Edmonton Oilers hockey is set to return Wednesday night in what will be a season like no other. 

There will be no fans in attendance when the team hosts the Vancouver Canucks tonight to start a season that promises to be a race to the finish. 

"We'd like to do it but only when we get the right signals from the health authorities in Alberta and across the country," said Bob Nicholson, the CEO of the Oilers Entertainment Group.

"We want everyone to be safe but I would love nothing more than have this building packed and roaring again like we have in the past."

The National Hockey League will play a compressed 56-game regular season in four months. 

The Oilers also have some new division rivals with the league moving to an all-Canadian division due to COVID-19 travel restrictions. The team will face its Alberta rival the Calgary Flames 10 times this year.

The team will also have tributes to two late team legends before tonight's game as both Joey Moss and former coach John Muckler will be honoured.

Led by premier forwards Draisaitl and captain Connor McDavid, as well as off-season depth additions up front, goal scoring shouldn't be a problem for the Oilers this season as they take on the six other Canadian franchises in the one-time-only North Division.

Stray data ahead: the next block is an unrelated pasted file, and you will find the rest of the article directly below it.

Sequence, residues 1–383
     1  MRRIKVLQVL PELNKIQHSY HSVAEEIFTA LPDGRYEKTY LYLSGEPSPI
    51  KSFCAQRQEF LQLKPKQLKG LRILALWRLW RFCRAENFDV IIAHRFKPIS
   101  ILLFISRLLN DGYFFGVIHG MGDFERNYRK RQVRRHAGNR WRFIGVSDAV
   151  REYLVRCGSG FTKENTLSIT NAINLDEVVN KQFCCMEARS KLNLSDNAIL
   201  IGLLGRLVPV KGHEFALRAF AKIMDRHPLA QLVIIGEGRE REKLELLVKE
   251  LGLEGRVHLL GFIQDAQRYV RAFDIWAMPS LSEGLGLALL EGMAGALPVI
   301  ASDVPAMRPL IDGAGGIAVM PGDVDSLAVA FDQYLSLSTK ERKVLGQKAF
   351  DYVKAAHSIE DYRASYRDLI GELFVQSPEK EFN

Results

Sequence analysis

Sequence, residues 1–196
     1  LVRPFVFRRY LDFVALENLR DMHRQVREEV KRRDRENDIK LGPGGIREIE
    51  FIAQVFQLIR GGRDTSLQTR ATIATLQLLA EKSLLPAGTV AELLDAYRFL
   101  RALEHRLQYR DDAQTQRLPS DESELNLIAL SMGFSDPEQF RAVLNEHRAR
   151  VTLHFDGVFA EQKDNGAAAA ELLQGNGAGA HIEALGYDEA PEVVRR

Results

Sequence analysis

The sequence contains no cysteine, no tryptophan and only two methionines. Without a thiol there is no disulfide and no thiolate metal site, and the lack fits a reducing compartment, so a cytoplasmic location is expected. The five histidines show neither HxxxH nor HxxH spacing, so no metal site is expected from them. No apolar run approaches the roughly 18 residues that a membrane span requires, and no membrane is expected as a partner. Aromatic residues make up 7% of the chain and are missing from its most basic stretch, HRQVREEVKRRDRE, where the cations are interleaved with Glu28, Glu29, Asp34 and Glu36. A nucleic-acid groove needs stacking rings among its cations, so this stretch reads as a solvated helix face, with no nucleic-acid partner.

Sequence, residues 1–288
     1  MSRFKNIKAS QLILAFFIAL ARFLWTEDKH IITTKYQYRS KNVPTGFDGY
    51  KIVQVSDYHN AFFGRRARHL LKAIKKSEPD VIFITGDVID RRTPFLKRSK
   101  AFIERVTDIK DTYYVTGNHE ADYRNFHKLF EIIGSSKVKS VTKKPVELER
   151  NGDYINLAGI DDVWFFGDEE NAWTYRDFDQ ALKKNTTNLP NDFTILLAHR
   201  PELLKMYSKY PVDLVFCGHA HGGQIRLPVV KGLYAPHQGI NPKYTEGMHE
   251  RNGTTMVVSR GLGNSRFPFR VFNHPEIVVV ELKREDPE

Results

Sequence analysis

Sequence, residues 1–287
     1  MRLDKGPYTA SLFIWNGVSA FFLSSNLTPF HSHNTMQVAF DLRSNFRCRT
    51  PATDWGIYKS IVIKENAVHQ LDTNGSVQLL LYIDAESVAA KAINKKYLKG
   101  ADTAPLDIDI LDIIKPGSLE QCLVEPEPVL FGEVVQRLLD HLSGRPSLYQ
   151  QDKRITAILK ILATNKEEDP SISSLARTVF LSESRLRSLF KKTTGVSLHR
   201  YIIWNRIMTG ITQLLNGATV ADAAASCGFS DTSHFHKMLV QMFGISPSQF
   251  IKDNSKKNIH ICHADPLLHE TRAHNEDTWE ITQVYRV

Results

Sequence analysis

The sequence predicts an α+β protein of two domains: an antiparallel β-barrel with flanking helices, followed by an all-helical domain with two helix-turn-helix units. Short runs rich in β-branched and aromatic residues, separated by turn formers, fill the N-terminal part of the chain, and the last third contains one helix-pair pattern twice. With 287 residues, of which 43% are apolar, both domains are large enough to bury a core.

The Oilers' play without the puck is the issue. Their goals-against five-on-five ranked 26th in the league last season.

“I don't think we have a problem scoring goals,” McDavid said. “It's keeping the puck out of our own net.”

The Oilers have finished outside the post-season 12 of the last 14 years. A second-round appearance in 2017 and last summer's qualifying round is the extent of their playoff success in that span.

Draisaitl, 25, and McDavid, 24, are entering the prime of their careers.

For the hockey world to get an extended look at them in the NHL playoffs, more is required from the Oilers' supporting cast.

“This is my sixth season here and we haven't done a whole lot of winning,” Oilers forward Zack Kassian observed.

“We've had some success. We've had some bright spots, we've had some good stretches, but at the end of the day we've had some failure and some upsetting moments.

“I feel like we made a lot of good strides before the pandemic hit. We just have to get back on that horse and continue to get better.”

With files from the Canadian Press